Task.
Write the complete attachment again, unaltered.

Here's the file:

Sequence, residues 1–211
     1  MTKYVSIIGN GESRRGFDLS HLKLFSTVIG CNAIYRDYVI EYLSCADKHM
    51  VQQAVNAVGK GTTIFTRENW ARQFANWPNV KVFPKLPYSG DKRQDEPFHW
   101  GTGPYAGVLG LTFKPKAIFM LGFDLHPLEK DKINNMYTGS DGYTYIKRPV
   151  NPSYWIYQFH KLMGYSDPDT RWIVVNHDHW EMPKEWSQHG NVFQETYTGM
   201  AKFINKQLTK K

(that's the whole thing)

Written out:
Sequence, residues 1–211
     1  MTKYVSIIGN GESRRGFDLS HLKLFSTVIG CNAIYRDYVI EYLSCADKHM
    51  VQQAVNAVGK GTTIFTRENW ARQFANWPNV KVFPKLPYSG DKRQDEPFHW
   101  GTGPYAGVLG LTFKPKAIFM LGFDLHPLEK DKINNMYTGS DGYTYIKRPV
   151  NPSYWIYQFH KLMGYSDPDT RWIVVNHDHW EMPKEWSQHG NVFQETYTGM
   201  AKFINKQLTK K